Picture: Ralph Smith / Barcroft India | Amateur astronomer Ralph Smith photographed these close-ups of the sun from his garden. Ralph, from Deeral in Queensland, Australia, used off the shelf equipment to capture the detailed snaps. The results show huge bursts of flames - known as prominences - leaping from the Sun’s surface. Others highlight giant sunspots - cooler areas on the Sun’s photosphere - which are often larger in size than Earth itself.
Picture: Henry Jager/HotSpot Media | Underwater photographer Henry Jager, 43, photographed this glowing jellyfish on a visit to Marsa Shoona in Egypt. ‘I wanted my photograph to play with the tension being close to potential dangerous but extremely beautiful animal,’ said Henry. ‘On the one hand you can enjoy the beauty of the jellyfish, but on the other hand it’s very frightening, and I often get people asking me how I dare to go that close.’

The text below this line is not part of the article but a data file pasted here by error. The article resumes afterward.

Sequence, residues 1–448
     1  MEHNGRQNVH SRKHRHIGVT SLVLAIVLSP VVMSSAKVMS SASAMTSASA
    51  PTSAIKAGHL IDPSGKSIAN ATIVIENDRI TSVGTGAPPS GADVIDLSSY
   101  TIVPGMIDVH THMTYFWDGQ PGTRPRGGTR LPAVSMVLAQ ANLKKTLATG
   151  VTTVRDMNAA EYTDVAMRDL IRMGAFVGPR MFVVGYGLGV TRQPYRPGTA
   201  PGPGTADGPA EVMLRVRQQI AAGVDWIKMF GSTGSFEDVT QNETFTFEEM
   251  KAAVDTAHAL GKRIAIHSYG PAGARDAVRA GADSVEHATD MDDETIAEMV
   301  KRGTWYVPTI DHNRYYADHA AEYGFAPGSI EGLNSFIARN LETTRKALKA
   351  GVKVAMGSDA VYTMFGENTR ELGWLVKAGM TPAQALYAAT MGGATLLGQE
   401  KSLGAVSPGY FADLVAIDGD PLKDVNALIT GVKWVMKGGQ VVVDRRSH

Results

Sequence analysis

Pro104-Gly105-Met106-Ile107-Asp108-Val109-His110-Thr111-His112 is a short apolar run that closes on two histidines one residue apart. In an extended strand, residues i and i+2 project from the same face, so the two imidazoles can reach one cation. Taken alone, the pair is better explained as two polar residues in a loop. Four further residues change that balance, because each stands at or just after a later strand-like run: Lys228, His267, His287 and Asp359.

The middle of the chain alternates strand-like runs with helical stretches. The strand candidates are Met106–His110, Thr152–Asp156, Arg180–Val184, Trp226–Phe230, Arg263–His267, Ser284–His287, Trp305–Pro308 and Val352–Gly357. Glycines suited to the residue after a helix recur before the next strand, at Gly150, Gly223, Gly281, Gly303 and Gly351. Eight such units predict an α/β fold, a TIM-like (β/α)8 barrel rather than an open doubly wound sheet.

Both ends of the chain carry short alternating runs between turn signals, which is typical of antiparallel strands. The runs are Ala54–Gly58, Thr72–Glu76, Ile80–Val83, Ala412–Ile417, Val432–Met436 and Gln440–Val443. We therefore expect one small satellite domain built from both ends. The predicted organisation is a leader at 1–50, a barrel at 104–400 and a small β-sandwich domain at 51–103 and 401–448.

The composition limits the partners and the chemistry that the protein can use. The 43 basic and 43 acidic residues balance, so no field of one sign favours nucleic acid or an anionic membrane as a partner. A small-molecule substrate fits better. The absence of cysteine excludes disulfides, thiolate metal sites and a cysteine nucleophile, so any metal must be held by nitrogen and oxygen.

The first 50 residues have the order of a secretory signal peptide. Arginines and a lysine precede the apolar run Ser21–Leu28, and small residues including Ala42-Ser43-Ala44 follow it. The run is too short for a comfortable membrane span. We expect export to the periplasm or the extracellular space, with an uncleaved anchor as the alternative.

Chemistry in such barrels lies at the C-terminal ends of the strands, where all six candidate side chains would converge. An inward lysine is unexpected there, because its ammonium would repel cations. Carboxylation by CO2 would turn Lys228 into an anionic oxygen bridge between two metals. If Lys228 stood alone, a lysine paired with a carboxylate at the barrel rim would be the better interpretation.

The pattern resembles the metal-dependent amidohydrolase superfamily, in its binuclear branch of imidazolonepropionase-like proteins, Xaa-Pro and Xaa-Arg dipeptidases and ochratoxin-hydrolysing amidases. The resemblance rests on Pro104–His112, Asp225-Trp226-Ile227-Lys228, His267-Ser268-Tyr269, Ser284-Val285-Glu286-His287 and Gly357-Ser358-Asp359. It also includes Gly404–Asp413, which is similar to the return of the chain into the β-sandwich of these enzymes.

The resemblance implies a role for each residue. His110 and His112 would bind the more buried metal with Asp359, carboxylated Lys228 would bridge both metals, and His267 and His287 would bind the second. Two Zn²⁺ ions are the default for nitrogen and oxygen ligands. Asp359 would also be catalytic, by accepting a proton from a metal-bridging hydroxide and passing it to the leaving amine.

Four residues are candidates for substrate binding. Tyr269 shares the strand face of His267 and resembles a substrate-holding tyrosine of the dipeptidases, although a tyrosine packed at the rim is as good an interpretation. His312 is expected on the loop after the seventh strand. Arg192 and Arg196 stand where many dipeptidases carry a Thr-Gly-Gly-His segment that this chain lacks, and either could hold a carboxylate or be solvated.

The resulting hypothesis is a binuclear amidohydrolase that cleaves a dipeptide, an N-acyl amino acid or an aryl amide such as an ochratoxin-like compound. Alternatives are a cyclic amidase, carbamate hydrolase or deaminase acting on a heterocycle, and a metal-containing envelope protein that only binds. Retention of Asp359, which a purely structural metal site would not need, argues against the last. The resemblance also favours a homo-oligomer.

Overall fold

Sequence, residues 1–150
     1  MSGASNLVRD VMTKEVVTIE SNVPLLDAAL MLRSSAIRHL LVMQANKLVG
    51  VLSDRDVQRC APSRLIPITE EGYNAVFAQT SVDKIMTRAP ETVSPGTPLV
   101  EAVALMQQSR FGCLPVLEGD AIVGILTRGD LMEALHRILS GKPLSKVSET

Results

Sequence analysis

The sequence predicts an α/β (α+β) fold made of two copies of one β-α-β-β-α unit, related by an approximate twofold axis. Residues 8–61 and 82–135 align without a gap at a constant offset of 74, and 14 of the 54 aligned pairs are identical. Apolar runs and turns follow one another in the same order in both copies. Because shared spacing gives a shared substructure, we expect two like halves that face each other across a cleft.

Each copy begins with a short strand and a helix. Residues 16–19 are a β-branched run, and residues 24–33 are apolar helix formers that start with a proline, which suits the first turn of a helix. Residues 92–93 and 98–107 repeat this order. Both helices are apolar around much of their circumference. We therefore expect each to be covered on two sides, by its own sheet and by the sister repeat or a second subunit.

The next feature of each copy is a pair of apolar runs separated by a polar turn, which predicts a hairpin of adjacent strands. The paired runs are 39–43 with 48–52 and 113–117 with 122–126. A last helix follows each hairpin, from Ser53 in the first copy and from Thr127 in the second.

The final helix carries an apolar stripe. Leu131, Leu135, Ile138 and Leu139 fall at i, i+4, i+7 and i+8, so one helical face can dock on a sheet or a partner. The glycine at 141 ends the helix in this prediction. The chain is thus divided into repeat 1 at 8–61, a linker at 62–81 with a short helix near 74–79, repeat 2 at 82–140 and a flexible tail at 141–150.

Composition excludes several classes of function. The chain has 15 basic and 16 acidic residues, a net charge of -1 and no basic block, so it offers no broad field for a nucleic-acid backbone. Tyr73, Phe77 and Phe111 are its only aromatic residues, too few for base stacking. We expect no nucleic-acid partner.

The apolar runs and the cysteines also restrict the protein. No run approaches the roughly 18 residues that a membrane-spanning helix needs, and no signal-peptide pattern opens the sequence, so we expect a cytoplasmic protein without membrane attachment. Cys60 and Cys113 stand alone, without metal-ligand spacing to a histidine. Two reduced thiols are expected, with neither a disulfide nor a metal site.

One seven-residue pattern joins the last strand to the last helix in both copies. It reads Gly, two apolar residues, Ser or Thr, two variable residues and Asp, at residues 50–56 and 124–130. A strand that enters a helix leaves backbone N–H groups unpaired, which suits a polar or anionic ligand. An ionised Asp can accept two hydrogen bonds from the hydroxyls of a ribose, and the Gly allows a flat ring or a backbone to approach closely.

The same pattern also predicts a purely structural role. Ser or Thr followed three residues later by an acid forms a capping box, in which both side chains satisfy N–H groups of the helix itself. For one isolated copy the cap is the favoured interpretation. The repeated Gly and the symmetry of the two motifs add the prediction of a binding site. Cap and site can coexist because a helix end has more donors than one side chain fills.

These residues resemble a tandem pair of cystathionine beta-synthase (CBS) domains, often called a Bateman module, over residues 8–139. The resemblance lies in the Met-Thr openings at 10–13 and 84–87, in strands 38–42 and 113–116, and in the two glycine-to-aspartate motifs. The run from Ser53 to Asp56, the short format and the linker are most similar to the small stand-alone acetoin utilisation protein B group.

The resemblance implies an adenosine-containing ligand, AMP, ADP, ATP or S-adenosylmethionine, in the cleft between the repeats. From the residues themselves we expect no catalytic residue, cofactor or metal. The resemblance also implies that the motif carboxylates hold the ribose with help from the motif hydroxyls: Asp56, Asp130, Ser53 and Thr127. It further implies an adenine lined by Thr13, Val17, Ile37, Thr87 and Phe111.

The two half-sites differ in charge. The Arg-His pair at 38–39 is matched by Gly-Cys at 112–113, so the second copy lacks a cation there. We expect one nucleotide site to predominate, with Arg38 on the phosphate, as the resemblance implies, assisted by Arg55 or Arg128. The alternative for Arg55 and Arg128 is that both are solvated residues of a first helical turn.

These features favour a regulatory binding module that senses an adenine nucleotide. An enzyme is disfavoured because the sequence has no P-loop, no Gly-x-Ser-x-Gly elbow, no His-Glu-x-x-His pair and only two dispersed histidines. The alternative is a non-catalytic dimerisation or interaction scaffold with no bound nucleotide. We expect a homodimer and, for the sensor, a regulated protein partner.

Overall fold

Explanation: What spooky planet is this? Planet Earth of course, on the dark and stormy night of September 12 at Hverir, a geothermally active area along the volcanic landscape in northeastern Iceland. Geomagnetic storms produced the auroral display in the starry night sky while ghostly towers of steam and gas venting from fumaroles danced against the eerie greenish light.
Stephen sniffed. He was perfectly aware of Jack’s dislike for saying anything unpleasant about a former shipmate, and although he honoured the principle in theory, in practice he found it somewhat irritating.